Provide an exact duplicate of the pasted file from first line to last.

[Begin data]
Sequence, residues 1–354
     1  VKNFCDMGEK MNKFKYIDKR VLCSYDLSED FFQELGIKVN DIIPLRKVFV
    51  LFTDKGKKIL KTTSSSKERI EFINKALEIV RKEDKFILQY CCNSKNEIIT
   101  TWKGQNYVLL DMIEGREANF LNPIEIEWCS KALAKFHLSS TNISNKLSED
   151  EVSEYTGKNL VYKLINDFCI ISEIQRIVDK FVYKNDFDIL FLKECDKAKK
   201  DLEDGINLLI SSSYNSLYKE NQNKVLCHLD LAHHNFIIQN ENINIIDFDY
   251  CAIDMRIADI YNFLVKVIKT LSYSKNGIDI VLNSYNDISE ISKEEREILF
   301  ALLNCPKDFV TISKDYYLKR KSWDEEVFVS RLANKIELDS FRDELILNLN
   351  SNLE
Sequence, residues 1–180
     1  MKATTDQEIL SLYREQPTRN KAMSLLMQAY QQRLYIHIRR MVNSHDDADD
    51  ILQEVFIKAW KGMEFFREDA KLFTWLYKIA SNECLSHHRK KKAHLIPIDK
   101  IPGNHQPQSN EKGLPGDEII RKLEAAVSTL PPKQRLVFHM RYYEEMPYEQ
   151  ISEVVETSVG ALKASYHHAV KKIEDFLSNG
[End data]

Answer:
Sequence, residues 1–354
     1  VKNFCDMGEK MNKFKYIDKR VLCSYDLSED FFQELGIKVN DIIPLRKVFV
    51  LFTDKGKKIL KTTSSSKERI EFINKALEIV RKEDKFILQY CCNSKNEIIT
   101  TWKGQNYVLL DMIEGREANF LNPIEIEWCS KALAKFHLSS TNISNKLSED
   151  EVSEYTGKNL VYKLINDFCI ISEIQRIVDK FVYKNDFDIL FLKECDKAKK
   201  DLEDGINLLI SSSYNSLYKE NQNKVLCHLD LAHHNFIIQN ENINIIDFDY
   251  CAIDMRIADI YNFLVKVIKT LSYSKNGIDI VLNSYNDISE ISKEEREILF
   301  ALLNCPKDFV TISKDYYLKR KSWDEEVFVS RLANKIELDS FRDELILNLN
   351  SNLE
Sequence, residues 1–180
     1  MKATTDQEIL SLYREQPTRN KAMSLLMQAY QQRLYIHIRR MVNSHDDADD
    51  ILQEVFIKAW KGMEFFREDA KLFTWLYKIA SNECLSHHRK KKAHLIPIDK
   101  IPGNHQPQSN EKGLPGDEII RKLEAAVSTL PPKQRLVFHM RYYEEMPYEQ
   151  ISEVVETSVG ALKASYHHAV KKIEDFLSNG